If you need additional frames you may need to buy an extra bracelet and take your bracelets apart and restring them with the required number of frames.

Finished-bracelet

I have taken the above style of bracelet apart and put more colorful glass beads between the frames and I have taken the bracelet apart, added another frame and left the beads out so that the bracelet was still the correct size.

Finished-Bracelet-Elizabeth-Ann-Mary

This project is moderately simple to complete once you get your photos sized and printed.

You can change the photos as often as you choose, whether you are finding additional photos of your ancestors or the grandchildren are growing up.

Please remember that clicking on the link below does not cost you any extra but does help me pay the expenses of this blog. If you decide to go back later to purchase please come and click through from the log. It also helps me know if people are enjoying and doing the projects.

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How to make 6 sided photo cubes using free printable template

July 26

 

Jackie and Larry's Photo Cube

DIY Paper Photo Cube Ornament

Paper photo cubes are easy to do and are so light weight you can hang them almost anywhere !


In todays world of selfies and digital files being thrown away to make room for more it is a great way to prolong the memories of the good times. . . . and or enjoy photos scanned from the photo albums currently collecting dust in the closet.

They are great to use for everything from adding to floral arrangements at family reunions to hanging from the coffee cup holder in the kitchen.

Not to mention the beginning of a family tradition of each person picking their 6 favorite pictures of themselves for the family Christmas tree ornament collection.

Whether you are using vintage family photos or the latest selfies out of your cell phones the hardest part is picking your favorite 6 pictures. After that you do need a photo editing program to use the following directions.

I recommend reading all the directions before diving in.

  • Open and Print Tips for Laying Out/Designing Your Photo Cube.

Cube Template.jpg

  • Click image for full sized PDF
  • Select 6 pictures that will crop well and fit the theme of your cube.
  • For each picture you will rotate the photo 45% if possible.
  • Crop it to 2.3″ @ 300 dpi
  • Open New and Improved Template
Genealogy-Gencrafts Cube Template

Click on Image of New and Improved Genealogy-Gencrafts Cube Template for Free Printable Template

  • With the “Tips for Laying Out/Designing Your Photo Cube close” at hand, depending on whether you are using photoshop or a different photo editing software, place the photos in the direction shown on the Tip Sheet.
  • The Cube looks best when the majority of photos have been rotated 45 degrees before cropping to 2.3″. However sometimes the subjects in the photo makes this impossible. Try different placements, refer to Tip Sheet for direction to place pictures and print your cube on standard paper before you commit to expensive paper or sending file to a photo processor.

Larry-&-Jackie

  • Once you get the cube art done to your satisfaction and printed it on standard paper, cut it out and fold it to make sure everything falls where you wanted and or expected it to. At this point you can print it on a heavy weight satin photo paper or have it printed to an 8×10 at your favorite photo processor. A Satin or Luster finish works much better than gloss because finger prints will show less.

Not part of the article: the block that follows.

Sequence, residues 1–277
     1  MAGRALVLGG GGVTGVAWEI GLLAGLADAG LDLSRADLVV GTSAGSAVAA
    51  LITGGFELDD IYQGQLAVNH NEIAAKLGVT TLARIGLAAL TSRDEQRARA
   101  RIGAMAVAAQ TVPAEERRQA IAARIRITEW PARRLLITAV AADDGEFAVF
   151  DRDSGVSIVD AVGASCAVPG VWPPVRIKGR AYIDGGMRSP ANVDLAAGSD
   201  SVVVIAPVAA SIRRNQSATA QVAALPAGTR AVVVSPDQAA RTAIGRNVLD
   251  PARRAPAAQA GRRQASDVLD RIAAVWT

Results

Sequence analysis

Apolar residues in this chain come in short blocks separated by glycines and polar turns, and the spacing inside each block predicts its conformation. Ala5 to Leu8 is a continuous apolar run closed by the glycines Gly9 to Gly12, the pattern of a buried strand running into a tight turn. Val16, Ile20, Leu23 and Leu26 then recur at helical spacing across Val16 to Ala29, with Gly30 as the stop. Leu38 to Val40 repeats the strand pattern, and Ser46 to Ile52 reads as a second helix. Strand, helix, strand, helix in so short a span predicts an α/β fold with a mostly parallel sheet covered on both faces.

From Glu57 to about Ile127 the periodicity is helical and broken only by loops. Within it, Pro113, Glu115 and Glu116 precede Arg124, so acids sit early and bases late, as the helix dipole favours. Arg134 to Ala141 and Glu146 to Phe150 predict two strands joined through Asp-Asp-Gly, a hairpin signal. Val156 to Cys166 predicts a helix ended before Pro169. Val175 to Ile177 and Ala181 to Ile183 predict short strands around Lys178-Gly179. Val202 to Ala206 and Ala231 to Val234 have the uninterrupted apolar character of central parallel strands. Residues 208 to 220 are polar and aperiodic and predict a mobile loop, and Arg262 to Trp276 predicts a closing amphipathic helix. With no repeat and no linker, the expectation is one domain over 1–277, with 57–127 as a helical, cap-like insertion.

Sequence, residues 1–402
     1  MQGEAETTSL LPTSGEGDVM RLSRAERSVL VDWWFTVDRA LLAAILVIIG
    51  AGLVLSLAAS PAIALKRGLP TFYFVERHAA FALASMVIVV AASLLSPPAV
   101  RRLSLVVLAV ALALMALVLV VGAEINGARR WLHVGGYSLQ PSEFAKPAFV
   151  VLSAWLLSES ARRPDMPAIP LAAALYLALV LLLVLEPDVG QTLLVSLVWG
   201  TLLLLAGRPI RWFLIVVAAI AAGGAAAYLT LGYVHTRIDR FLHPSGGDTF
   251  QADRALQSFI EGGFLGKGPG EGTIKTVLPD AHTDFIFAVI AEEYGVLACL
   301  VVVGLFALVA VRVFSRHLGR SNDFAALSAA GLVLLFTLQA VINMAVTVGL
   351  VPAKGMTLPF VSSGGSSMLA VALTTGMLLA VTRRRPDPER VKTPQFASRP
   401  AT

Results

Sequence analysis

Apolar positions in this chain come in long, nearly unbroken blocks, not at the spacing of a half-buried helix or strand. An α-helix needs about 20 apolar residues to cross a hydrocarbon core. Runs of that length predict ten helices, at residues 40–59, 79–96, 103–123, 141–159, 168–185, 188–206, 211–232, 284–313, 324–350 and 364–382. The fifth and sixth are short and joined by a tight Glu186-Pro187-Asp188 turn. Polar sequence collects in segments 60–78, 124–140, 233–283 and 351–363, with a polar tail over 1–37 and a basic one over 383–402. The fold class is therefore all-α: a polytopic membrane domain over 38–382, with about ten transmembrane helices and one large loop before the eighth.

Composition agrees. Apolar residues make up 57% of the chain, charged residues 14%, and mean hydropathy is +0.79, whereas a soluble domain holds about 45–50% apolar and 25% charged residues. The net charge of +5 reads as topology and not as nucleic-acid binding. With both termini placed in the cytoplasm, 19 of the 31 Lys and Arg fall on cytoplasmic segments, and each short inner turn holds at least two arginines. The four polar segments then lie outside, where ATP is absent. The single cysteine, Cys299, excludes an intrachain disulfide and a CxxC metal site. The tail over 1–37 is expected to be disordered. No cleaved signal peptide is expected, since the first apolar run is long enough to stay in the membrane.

• Then you need to figure out how to hang your cube. For this example I simple ran a ribbon through a button and tied a knot so it would not pull out if somebody pulled on it.

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  • Cut out around your cube art

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  • If you have a 1/8 in paper punch you can punch a small hole where the ribbon comes out through the cube.

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  • Fold all the panels and tabs.
  • If you are going to use rubber cement as I am here you have to put some rubber cement on the back side of the paper where you will be pressing the flaps that have glue on the front side of the paper. As well as gluing the front of the flaps. Let the rubber cement/contact cement dry until it is tacky.
  • Hot glue applied sparingly works the best to assemble the cubes.

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  • Before you start assembling your cube put the ribbon/button in the corner it belongs. Refer to tip sheet. Glue tab 1 first. Tab 2 next. Followed by tab 3.

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  • Glue Tabs 5, 6 and 7 all at the same time.
  • Gluing in this order is the most efficient.

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Enjoy !

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The Family Tree, Christmas Tree

June 23

The-Christmas-Family-Tree

A fabulous use for family photos is to make simple cubes to put on your Christmas tree or even dangle from your rear view mirror.

With the smart phones in hand filed with selfies that seem to get deleted when your phone gets filled or uploaded to social media. A great tradition would be to create a photo cube Christmas Ornament for each family member, each year, with the date on it . . . Printed on heavy photo paper or at any discount printer. They could even be mailed flat and assembled by the recipient.

Depending on the number of vintage photos in your collection you can put all of one person on one cube or all of one family on a cube.

You can use one of the panels to put the names, dates or information regarding the photos on the cube on one of the panels that will hang to the back or bottom.

Either left as the simple folded box tucked among the branches as shown here on this small coffee table tree or embellished to suit each person your imagination is your only limitation.

For Complete Tutorial on making your own photo Cube Boxes . . .Click here for precise instructions

Jackie and Larry Cube